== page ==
This week, the mayors of 37 cities across the United States of America penned an open letter to President-elect Trump urging him to join them in their efforts to tackle climate change, to help clean the air, strengthen the economy and ensure their children inherit a nation that is healthier and better prepared for the future than today.
I share their optimism that the U.S. can meet the climate action commitments made in Paris last year, but even if Mr Trump decides to withdraw, I'm convinced the U.S. can meet the pledge -- because I know it's cities, their communities and businesses who are ultimately getting on with the massive job of reducing greenhouse gas emissions.
In fact, my experience in Australia offers proof that the election victory of Donald Trump is no death knell to progress.
As I prepare to join more than 40 mayors committed to tackling climate change, many of them from U.S. cities, in Mexico City for the C40 Mayors Summit, I have relevant experience to call on. Six Australian Prime Ministers and six state Premiers have held office while I've served at Sydney Town Hall. And in that time, in Australia, there's been a profound, even hostile, lack of long-term leadership on climate change.
It's not as if we haven't had anything to talk about -- the monster storm that struck the East Coast of Australia; the shocking evidence of bleaching coral on the Great Barrier Reef; the global temperature records that we keep hitting month after month.
By 2070, Sydney could be up to three degrees hotter with more extreme weather such as heatwaves, storms and flooding. We've received warning after warning from scientists and seen for ourselves the increasingly wild weather.
In the absence of national action we've knuckled down to the job ourselves. Across Australia, city and state governments are bypassing the recalcitrant Federal Government, working to ambitious targets and rapidly cutting the emissions from our cities.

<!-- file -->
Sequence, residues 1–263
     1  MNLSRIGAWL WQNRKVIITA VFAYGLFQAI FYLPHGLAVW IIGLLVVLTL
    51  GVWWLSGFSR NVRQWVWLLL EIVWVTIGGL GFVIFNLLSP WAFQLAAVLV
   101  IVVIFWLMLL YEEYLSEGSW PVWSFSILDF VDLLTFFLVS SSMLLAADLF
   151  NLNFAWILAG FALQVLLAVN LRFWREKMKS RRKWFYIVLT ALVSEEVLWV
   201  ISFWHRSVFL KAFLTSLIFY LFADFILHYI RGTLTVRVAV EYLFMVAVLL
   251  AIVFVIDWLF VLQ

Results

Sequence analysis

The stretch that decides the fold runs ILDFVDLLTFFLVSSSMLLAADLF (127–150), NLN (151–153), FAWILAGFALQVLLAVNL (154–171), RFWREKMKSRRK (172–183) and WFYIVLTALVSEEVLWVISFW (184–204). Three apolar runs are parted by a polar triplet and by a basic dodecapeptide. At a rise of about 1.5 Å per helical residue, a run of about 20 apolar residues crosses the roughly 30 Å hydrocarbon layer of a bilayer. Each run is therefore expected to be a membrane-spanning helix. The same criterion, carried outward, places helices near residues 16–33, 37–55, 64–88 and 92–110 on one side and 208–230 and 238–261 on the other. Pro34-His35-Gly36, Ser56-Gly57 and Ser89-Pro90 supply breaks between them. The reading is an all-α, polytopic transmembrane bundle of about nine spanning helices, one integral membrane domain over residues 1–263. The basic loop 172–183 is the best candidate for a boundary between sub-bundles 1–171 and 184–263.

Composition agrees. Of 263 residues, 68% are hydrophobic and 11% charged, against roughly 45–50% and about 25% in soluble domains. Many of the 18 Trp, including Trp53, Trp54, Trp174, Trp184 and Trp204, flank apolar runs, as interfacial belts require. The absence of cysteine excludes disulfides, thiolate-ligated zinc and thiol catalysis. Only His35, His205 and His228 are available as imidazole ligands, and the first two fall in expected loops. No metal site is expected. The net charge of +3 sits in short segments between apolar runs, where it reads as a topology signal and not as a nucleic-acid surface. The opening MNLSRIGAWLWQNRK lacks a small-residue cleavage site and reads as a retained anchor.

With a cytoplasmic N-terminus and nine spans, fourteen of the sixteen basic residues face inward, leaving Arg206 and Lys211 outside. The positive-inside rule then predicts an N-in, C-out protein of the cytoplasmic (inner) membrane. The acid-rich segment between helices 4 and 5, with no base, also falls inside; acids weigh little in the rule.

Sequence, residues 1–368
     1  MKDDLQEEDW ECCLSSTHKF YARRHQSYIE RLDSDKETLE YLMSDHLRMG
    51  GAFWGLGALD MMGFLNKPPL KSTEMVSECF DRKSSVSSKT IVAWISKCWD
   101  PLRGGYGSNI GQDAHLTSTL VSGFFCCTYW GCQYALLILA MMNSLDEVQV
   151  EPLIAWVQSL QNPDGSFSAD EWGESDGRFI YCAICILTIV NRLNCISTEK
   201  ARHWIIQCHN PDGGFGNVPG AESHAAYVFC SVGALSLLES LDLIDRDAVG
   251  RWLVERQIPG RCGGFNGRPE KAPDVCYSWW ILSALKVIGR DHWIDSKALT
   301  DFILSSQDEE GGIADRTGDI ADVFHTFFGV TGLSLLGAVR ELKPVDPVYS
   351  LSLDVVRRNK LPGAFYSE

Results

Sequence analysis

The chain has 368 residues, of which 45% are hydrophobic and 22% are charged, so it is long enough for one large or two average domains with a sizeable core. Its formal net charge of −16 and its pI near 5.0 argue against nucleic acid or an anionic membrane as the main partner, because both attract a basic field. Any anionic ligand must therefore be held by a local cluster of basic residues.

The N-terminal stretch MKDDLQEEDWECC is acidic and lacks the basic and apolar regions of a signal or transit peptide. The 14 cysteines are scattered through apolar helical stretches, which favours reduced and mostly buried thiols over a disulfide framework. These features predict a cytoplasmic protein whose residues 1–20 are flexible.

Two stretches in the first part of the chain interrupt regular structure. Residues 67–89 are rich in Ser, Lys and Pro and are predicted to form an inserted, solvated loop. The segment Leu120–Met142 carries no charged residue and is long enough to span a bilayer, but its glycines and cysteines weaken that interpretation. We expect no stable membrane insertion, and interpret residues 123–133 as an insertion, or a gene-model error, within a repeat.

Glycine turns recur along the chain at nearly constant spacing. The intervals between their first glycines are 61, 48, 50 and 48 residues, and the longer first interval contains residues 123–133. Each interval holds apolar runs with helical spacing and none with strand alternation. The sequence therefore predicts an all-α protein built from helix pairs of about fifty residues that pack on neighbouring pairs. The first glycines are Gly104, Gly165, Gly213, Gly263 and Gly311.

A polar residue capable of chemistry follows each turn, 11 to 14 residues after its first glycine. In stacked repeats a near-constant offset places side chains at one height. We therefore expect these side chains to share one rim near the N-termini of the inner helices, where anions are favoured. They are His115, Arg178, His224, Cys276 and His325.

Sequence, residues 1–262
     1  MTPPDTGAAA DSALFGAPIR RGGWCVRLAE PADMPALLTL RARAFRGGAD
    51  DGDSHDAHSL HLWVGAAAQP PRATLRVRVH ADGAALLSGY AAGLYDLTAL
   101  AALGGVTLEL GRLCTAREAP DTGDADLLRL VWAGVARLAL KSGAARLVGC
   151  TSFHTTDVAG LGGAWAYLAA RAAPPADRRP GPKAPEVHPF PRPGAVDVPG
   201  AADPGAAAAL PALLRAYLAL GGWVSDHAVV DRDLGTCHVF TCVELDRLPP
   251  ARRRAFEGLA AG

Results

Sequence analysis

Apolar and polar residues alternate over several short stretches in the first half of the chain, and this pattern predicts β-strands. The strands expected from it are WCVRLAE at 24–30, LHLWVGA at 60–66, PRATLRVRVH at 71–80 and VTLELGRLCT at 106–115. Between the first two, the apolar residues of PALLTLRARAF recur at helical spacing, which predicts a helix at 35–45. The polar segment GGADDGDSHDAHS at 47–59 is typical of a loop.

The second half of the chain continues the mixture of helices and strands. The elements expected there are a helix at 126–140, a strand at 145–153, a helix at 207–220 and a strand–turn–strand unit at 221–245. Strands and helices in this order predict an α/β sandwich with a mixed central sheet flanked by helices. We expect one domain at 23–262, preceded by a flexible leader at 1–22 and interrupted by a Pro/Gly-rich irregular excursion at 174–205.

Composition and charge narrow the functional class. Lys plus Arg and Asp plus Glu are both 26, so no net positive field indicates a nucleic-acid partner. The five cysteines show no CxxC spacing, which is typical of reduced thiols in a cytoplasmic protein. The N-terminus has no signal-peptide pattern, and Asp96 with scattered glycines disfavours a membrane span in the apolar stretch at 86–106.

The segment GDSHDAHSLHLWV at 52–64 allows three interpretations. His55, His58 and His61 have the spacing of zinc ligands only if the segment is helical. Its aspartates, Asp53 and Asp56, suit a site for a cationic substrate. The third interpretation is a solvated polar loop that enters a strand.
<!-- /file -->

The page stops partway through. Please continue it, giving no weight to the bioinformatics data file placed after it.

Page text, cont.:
In Sydney, we've reduced greenhouse emissions by 27 percent in our own operations. We've helped drive city-wide emissions down by 19 percent, while also growing our economy by 37 percent. Our carbon intensity -- the amount of greenhouse emissions for each dollar of economic output -- has fallen almost 36 percent, showing action on climate does not need to be an impediment to economic growth.
What advice will I share with my U.S. counterparts from the C40 network of megacities committed to action on climate change when we meet in Mexico City?
First is to begin planning for the long term. When I became Lord Mayor, I wanted a long-term plan that would continue no matter who was in Sydney Town Hall, or the Parliaments of New South Wales or Canberra. We undertook the largest ever community consultation in the City's history. The result -- Sustainable Sydney 2030 -- is the cornerstone of everything we do. We set ambitious targets for reducing waste, water and energy, with concrete actions in our own operations, as well as identifying advocacy targets for critical issues outside our jurisdiction.
We've now set a target for net-zero emissions by 2050 -- one of the most ambitious targets of any government in Australia -- and released an action plan that identifies steps we will take to reduce our emissions 44 percent by 2021.
Presidents, Prime Ministers and even Mayors will come and go but these city-based targets and plans will deliver the sustainable, equitable cities of the future that our communities demand.
Second, our cities must become the change we want to see. We installed rooftop solar panels on our buildings and retrofitted our properties to cut electricity and water use saving more than $1 million each year. Inspired by Los Angeles' leadership, we rolled out energy-saving LED lights, saving at least 40 percent on electricity and maintenance costs.
Finally, never let up the pressure on every level of government and mobilise the voices of our communities to demand change. Water has always been scarce on our parched continent, but our state water regulator's approach to pricing water was discouraging a potential boom in commercial water recycling. The City of Sydney joined forces with recycled water companies, developers, universities and environmental groups, and together persuaded the regulator to update its approach. The result was a new regulatory and pricing framework that allows these big projects to go ahead.
If we can do it in Australia, it can be done anywhere. Australia is the largest exporter of coal in the world and until recently our state sourced more than 90 percent of its electricity from coal-fired power.
After the incredible diplomatic success of the Paris Agreement, there is now a global system in place that offers a clear path for nations to limit global temperature rise to under two degrees and try to drive even further down to 1.5 degrees. The Paris Agreement formally came into force on Friday 4 November. The result of the 2016 US election means more than ever, that there's no room for complacency.
I've met mayors from around the U.S. and have been inspired by their record of action and determination to keep striving for progress. In the aftermath of this election there's never been a more important time for those city leaders to stay on course -- the whole world is counting on them.